This is a solid work of fiction, and author Dominique Wilson masterfully takes readers across the decades of a lifetime, from the 1870s to the 1950s, from a drought-stricken outback Australia to a decadent Shanghai and then a war-torn Asia.
Shaunagh O’Connor, The Weekly Times 27 June 2014
The first full-length novel from short story writer Dominique Wilson is a sorrowful but captivating historical epic, and a unique view of the formation of modern China. Spanning nine decades, The Yellow Papers charts the destinies of three main characters: a lowly Chinese peasant who flees to Australia following an unsuccessful mission to obtain ‘the secrets of the West’ in the US; a wealthy Australian man obsessed with his oriental lover; and a child of China’s Cultural Revolution. Wilson’s impeccable research helps her to convey a realistic impression of some of the significant political, intellectual and social changes in China’s development, and the impact this evolution has had on Western culture, particularly Australia. While this attention to historical detail adds authenticity to the narrative, it is Wilson’s well-crafted characters and shrewd storytelling that arouse all the emotions that great tragedy is supposed to evoke. To compare The Yellow Papers to the historical sagas of the kind that consistently rise to the tops of bestseller lists may seem to trivialise the importance of its subject matter, but the book will still satisfy a readership hungry for a gripping, grandiose read.
Jennifer Peterson-Ward, Bookseller and Publisher, October 2013
What stood out for me, and still does a week after reading it, is the way Wilson conveys the pain of war and racism – it’s honest, emotive, vivid and at times, raw. A recommended read for anyone who likes historical fiction and has a tendency to think over the issues raised for some time afterwards. A big thumbs up from me.
Monique Mulligan, Write Note Reviews, 20 March 2014
Write Note Reviews: The Yellow Papers
What separates The Yellow Papers from the usual historical saga is partly the way Wilson redefines ‘family’ to include Chen Mu, and partly the way she respects the reader’s intelligence and leaves some gaps in the 90-year chronology that can be inferred without needing to labour the point. Even so, at 348 pages, it’s quite a long novel, and some of it is quite confronting.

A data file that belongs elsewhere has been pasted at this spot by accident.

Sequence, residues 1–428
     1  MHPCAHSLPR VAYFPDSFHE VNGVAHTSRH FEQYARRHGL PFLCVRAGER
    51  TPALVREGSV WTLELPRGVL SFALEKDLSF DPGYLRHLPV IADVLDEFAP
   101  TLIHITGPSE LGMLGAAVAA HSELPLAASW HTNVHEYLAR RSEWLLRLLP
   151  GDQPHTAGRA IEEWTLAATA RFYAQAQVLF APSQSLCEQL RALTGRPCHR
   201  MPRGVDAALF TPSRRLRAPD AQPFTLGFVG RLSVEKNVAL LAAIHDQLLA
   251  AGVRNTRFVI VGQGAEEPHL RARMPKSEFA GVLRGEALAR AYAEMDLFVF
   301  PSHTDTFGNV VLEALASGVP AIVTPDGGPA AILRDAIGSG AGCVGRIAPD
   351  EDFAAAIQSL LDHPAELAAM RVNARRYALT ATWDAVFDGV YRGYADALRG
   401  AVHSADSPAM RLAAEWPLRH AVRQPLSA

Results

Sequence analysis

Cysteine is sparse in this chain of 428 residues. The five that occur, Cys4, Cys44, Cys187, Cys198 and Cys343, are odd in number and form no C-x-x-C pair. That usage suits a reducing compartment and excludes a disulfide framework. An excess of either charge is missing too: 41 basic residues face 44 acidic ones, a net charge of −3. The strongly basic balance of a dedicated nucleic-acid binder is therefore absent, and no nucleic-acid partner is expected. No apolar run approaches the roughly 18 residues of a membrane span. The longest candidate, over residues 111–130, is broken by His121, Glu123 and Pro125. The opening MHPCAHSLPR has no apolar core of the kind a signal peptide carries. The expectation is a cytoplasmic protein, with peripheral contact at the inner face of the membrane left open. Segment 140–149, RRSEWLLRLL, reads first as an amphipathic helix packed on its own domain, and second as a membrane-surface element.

Edward is of an age to witness four wars, but it’s his last one, the Korean War, which finds him behind the lines and eventually a POW. Unsurprisingly, his dreadful experiences make him anti-Asian, which compromises his long-standing affection for Chen Mu and his feelings for Ming Li, the love of his life who he’d met in China during WW2, just in time to be separated as Mao Tse Tung’s Communists closed China to the world. Wilson is particularly good at rendering Edward’s confusion and guilt about reconciling his conflicting memories.
I was impressed by the uncompromising ending. The novel gathers tension towards the end, and the characters find themselves locked in a destructive pattern of relationships forged by ideology rather than human behaviour. I can’t say more without spoilers, but this is a novel that saves its biggest shock till the end.
Lisa Hill, ANZLitLovers, March 2014 – ANZ Lit Lovers: The Yellow Papers
Spanning almost a century of China’s formation, The Yellow Papers is about identity and home and begins after China’s defeat in the two Opium Wars when the peasant boy Chen Mu is sent to Connecticut to study the secrets of the West. He cuts his queue (pigtail), adopts Western clothes and treasures a copy of The Adventures of Tom Sawyer, but outside the Chinese Education Mission he meets mistrust and violence.
Fleeing America, Chen Mu finds himself head gardener on an Australian pastoral station where he mentors the farmer’s grandson, Edward, who grows up a wealthy dealer in Chinese antiques and falls for Ming Li, the wife of an upper-class Shanghai mandarin, shortly before Japan’s occupation of Shanghai.
Edward and Ming reunite but are parted by World War II, the Korean War and China’s Cultural Revolution.
Chen Mu is emblematic of the passage of people across borders, propelled by war, famine and political strife, who come to adapt to new ways without ever forgetting the old world.
Read more including profile of Dominique Wilson by:
Linda Morris. Sunday Age, Canberra Times. and Sydney Morning Herald , 20-23 March 2014 : Sydney Morning Herald
The yellow of the joss papers, too, appears throughout the story. Chen Mu, who cannot burn the papers for his mother later delivers yellow wartime telegrams in Australia, informing families of the death of their sons and husbands. Hung Ho, though determined to fight in the Red Army, is named for China’s Yellow River. In the aftermath of war in a dingy hotel room with an American sailor, Ming Li’s skin has a ‘jaundiced glow’. The characters’ link with China and their heritage is something they carry, willing or not, and their relationship with this heritage is something they must continue to negotiate throughout their lives.
The Yellow Papers is a moving read with broad scope. Wilson’s characters, particularly Chen Mu and Ming Li, are rounded and sympathetic, allowing Wilson to frame large and often abstract ideas of cultural identity, unrest and displacement through individual and personal stories. It’s a work that reminds us that culture is about people and that ideology affects the individual.
Margot McGoven, Lip Magazine April 2014 lipmag.com